We've be dabbling in the dark art of hydro-foiling, with an ideal venue for dockstart foiling right in front of our shop, it seems to make lots of sense. In this blog post we cover our initial experiences and consider the wider appeal of this relatively new water sport. How hard is it? Will it be the next big thing?
A Focus on Foiling - The New Watersport in Town
Anyone who keeps an eye on what's happening in the watersports world will probably have seen a picture or film clip of someone flying along on a board which seems to be hovering above the surface of the water. The first time you noticed it you probably had to double-check to see that your eyes weren't playing tricks on you. This is hydrofoiling, basically riding a board that has a mast and a wing fitted to its underneath. When the board moves forward fast enough the wing, which is submerged in the water lifts the board up and clears the water surface. There is a range of ways to move the board forward, some people use a kite or a wing to harness the wind, and others use surf waves then paddle in SUP style or prone surf style. Another way to get the board moving fast enough is to take a running jump, (while pushing the board along) from a pontoon, dock or ladder. This is known as dockstart foiling or pump foiling.
Hydrofoiling at Llyn Padarn, Llanberis, Wales
We're fortunate enough to have a great location at Llyn Padarn right next to our shop that has a large pontoon running out into deep water. While it takes quite a long time to learn and lots of falling in, once the technique is dialled in there is no need to rely on wind or waves if you want to go foiling. Anywhere a launch can be made a foil can be ridden, this means flat water and the sea are both legitimate venues on windy, wavy days as well as days when conditions are still and flat calm.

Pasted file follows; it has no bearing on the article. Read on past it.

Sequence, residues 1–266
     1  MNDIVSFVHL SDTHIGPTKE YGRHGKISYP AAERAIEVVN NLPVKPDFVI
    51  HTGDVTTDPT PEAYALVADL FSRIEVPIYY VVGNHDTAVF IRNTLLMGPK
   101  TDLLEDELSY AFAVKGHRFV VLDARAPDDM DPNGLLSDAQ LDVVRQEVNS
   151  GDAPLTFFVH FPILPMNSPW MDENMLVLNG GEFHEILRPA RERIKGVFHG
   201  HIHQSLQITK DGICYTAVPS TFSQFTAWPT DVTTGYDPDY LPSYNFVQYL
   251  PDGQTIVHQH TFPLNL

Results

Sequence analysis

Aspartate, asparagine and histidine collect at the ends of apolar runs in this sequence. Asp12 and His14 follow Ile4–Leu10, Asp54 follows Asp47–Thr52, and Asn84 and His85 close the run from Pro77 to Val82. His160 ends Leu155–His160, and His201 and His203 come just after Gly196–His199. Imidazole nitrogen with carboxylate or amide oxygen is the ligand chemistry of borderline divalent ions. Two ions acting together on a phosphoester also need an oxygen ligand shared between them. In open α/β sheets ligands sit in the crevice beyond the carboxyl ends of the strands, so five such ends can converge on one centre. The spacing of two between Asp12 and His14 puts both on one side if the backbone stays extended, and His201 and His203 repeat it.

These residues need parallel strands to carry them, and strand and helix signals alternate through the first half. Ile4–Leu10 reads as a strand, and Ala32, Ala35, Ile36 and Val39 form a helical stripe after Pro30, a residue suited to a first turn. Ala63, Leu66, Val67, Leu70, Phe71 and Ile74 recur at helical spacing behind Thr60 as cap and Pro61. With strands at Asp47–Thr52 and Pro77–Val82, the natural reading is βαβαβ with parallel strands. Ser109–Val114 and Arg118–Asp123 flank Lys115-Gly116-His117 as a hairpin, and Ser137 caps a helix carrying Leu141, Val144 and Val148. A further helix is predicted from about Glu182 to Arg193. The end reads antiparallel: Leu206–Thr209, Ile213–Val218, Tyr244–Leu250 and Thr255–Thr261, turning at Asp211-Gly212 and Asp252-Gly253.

As a safe learning venue, it's pretty much spot-on as long as consideration is given to other lake users. Over the past few months, the pontoon has seen a good handful of people throwing themselves off the end with a small hydrofoil board in their hand. More often than not the result is a big splash and a short swim back to the pontoon but every now and again the stars align and someone manages to pump out for a few metres while the spectators all cheer. Most of the staff at Snowdonia Watersports have had a go, some with more success than others but everyone who has tried seems to have had a great laugh.
Will Hydrofoiling Catch On?
So, will it catch on? There are a few hurdles which need to be cleared before it will really take off. The list below gives you an idea.
For a new board and foil you wouldn't get much change from £1500. This doesn't include a handheld wing if wing foiling is the style you're considering. There is however a growing secondhand market where bargains can be found.
It takes lots of time and dedication to learn how to get a hydrofoil working. If you're expecting to master it in a couple of hours you'll likely end up disappointed unless you are some kind of natural-born foiler. The learning journey is all part of the experience and needs to be embraced. Once results start to happen the foiling addiction starts to take hold.
Having quick and easy access to a safe and suitable venue will make a massive difference to the speed of learning.
The Different Kinds of Hydrofoiling
It's fair to say certain foiling disciplines are probably easier to learn than others.
Pump foiling is probably the most physically demanding foil discipline as all the momentum needs to be generated by the rider.
Foiling with wind and/or waves has the potential to be more dangerous because of the locations and conditions you are likely to be needing so finding a qualified coach or school would make a lot of sense.
For these reasons, it is unlikely that foiling is going to become as popular as sports like kayaking, wild swimming and paddleboarding. For folks who have the ability to overcome the initial hurdles, a percentage will stick at it and get hooked and bore anyone who will listen about how great the whole foiling experience is.
At Snowdonia Watersports...
As a shop we are keeping an eye on the growth of foiling. We have access to suppliers who distribute foiling equipment so we could potentially hold stock in the shop if we felt there was a market for it. As things currently stand we consider it a fun challenge for staff development and we are not planning to add any foiling equipment to our kit hire option.